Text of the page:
Contractors have traditionally resisted all attempts to turn them into employees. And limited company contractors, whether inside or outside of IR35, have no employment rights with their client – the infamous test case James versus Greenwich has enshrined this in case law.
But the situation for contractors working through umbrella companies is less clear cut. According to Derek Kelly of contractor umbrella company Parasol, whilst contractors working through an umbrella have no employment rights with their client, they may have rights with their umbrella.
“Any umbrella company that genuinely employs its contractors will provide the full range of employment rights,” explains Kelly, “which include everything a permanent employee would expect to receive.”
Which umbrella company model?
However, there are, says Kelly, various shades of grey in the contractor umbrella marketplace and all umbrellas may not be what they seem: “Historically, the agency PAYE [Pay As You Earn] payroll model treats the worker as an employee for tax purposes, so their income tax and National Insurance Contributions are deducted at source, but they are not employed by the agency.
“This scenario, typically involving workers with more general skill sets working for a staffing agency, is often where claims are made against end-user clients for employment rights.”
Other payment scheme companies that often market themselves as umbrella companies actually offer contractors an offshore payment solution, for example through an employee benefit trust (EBT).
Contractors do not get employment rights with either offshore schemes or agency PAYE providers, and many providers aggressively market their ability to save contractors tax by pushing the boundaries of expenses claims, which can attract unwelcome attention from HMRC.
Kelly explains: “Umbrella companies such as Parasol that offer a ‘pure’ employment model for their contractors provide all the employee benefits required by statute and are generally members of trade bodies that apply rigorous compliance tests for membership.”
Umbrella employee benefits
More experienced contractors have probably forgotten the benefits they used to enjoy when in full time permanent employment, but of course this is outweighed by the additional earnings potential and flexible working and lifestyle opportunities.
The statutory benefits offered by umbrella companies who genuinely employ their contractors include:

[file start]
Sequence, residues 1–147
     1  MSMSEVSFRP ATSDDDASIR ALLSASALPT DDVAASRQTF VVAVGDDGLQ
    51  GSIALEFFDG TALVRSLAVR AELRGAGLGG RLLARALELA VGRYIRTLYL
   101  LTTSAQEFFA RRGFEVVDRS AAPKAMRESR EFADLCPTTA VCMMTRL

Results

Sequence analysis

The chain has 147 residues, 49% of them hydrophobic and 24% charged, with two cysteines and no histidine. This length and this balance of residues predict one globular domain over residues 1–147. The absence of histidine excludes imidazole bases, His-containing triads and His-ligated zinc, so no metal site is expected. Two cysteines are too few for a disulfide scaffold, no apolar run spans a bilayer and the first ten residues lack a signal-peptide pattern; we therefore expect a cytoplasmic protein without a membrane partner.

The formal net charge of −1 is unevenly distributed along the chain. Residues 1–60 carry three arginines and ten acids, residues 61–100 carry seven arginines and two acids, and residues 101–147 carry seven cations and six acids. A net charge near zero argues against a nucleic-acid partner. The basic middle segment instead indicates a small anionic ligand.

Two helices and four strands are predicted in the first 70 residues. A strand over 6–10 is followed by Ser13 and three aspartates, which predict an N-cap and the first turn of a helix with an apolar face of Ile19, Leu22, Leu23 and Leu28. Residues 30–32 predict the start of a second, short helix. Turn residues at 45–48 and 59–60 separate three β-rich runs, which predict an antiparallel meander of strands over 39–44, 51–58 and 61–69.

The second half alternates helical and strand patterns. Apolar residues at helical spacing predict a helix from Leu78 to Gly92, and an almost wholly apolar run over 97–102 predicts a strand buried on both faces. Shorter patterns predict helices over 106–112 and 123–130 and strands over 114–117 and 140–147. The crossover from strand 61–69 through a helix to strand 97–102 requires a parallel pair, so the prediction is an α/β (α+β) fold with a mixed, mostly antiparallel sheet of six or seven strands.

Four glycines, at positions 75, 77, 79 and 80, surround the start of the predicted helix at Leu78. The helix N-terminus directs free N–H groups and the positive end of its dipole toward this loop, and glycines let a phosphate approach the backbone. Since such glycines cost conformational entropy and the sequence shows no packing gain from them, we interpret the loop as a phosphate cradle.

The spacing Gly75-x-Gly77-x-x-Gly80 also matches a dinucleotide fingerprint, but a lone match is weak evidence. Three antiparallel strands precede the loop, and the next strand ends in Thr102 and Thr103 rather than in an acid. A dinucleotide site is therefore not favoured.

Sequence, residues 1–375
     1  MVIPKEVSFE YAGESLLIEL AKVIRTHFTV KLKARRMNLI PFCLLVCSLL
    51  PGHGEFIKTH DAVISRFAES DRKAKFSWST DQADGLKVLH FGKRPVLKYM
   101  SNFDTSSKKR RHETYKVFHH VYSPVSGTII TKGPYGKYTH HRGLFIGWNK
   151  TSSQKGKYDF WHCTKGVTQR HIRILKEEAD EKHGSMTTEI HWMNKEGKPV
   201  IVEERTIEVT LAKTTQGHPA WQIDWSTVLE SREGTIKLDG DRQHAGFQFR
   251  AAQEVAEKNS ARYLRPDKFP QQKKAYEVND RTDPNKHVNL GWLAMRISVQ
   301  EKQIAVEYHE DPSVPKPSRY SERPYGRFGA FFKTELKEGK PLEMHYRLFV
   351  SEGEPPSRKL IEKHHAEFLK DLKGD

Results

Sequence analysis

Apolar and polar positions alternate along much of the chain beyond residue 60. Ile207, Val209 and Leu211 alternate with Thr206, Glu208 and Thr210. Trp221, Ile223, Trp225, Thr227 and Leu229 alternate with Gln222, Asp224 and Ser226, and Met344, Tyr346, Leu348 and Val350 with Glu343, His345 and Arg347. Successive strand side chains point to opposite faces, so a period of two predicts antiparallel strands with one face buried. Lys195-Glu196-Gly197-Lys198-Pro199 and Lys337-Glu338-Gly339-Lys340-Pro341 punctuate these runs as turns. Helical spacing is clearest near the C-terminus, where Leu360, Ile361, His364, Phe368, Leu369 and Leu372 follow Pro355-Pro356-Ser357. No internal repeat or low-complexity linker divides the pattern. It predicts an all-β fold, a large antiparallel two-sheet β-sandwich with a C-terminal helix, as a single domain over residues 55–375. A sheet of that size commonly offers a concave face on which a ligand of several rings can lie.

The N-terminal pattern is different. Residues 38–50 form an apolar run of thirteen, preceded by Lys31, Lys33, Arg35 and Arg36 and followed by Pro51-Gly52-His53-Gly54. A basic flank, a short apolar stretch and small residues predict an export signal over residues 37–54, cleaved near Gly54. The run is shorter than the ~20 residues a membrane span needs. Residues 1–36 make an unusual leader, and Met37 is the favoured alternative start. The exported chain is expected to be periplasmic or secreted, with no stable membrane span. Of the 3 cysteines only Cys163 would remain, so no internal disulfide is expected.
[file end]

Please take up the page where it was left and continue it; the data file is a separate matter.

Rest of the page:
- Statutory sick pay
- Holiday pay
- Maternity and paternity benefits
- Minimum wage/guaranteed minimum hours
- Redundancy payments.
“Different umbrella companies will vary in how they fulfil their obligations to provide employment rights for their contractors,” says Kelly. “For example, we pay contractors’ holiday pay on an ongoing basis, whereas some umbrellas withhold holiday pay, collect interest on the balance and may forget to pay the contractor when they leave the business.”
Kelly emphasises that without efficient and experienced finance, payroll and human resources teams in place, as you would find with a regular large employer, the umbrella company would not be able to fulfil its obligation to its contractor employees.
Contractors who require a mortgage reference have a real employer to provide a reference, and an HR department that can process the reference request
Derek Kelly, Parasol
And the ‘regular employer’ infrastructure brings added benefits, as Kelly points out: “Contractors who require a mortgage reference have a real employer to provide a reference, and an HR department that can process the reference request.”
Less positive, but no less necessary, umbrella companies with good HR support also operate employee grievance and disciplinary procedures, should there be issues with a contractor’s performance when working for the client.
‘Cradle to grave’
“A good umbrella company will apply high standards when a contractor joins,” explains Kelly, “ensuring the process is smooth and hassle-free, but also undertaking due diligence on the contractor to ensure they have not left a trail of blown expenses limits and unpaid tax bills behind them.”
As their length of service increases with an umbrella company, contractors may become eligible for increased minimum payments when they are not in a contract and statutory redundancy pay. In return, however, they typically have to take on some of the responsibilities of being an employee in return for those benefits.
For example, Kelly explains that Parasol has a sliding scale of notice periods, which depend on length of service: “If a contractor has been with us for between a month and two years, we have to give two week’s notice. More than two years and the notice period is a month.”
Umbrella companies fill a niche, providing support, stability and benefits that limited company contracting does not, yet giving contractors more flexibility and higher earnings than a full time permanent job.
“And, of course, when contracting through an umbrella company,” concludes Kelly, “contractors don’t have to worry about the daily grind of the next promotion and office politics.”